February 01, 2014

This month in philosophy: Rejecting old ideas on free will

For new readers, this is actually a roundup of my philosophy-related postings for January.

At the start of the year, I talked about New Year's resolutions, and how ideas behind the making of resolutions relates to issues of free will and consciousness. 

Next, I took a look at the philosophy of fallacies and fallacious reasoning, especially the "informal" fallacies that most people think about when they talk about this issue.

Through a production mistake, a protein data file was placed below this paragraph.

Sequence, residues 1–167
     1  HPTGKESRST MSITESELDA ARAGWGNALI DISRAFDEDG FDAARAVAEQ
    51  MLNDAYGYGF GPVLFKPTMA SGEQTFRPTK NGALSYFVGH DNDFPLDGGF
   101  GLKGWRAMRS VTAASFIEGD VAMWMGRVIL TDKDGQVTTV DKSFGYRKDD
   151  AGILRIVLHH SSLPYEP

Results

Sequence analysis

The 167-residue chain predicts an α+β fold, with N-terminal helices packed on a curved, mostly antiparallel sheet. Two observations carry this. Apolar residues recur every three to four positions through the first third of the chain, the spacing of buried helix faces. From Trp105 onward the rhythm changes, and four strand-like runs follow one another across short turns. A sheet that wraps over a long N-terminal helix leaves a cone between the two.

Back in December, I did a second installment on what is becoming a bit of a series: saying "Mu" to the old polarities, old dichotomies and old inadequate definitions of the increasingly stale and sterile "free will vs. determinism" debate. Thoughts here are inspired in part by David Hume and his "fleeting self" ideas, which supplements theories of the likes of Dan Dennett about subselves and multiple drafts of consciousness.

I followed that at the end of January with Part 3, which focuses on problems I see with compatibilist ideas of free will. As often is the case when I write on these issues, there's usually an allusion to Dennett. That's especially here, since this is his modern baby. But, he's just as wrong on a lot of issues of free will as on a lot of issues of consciousness.

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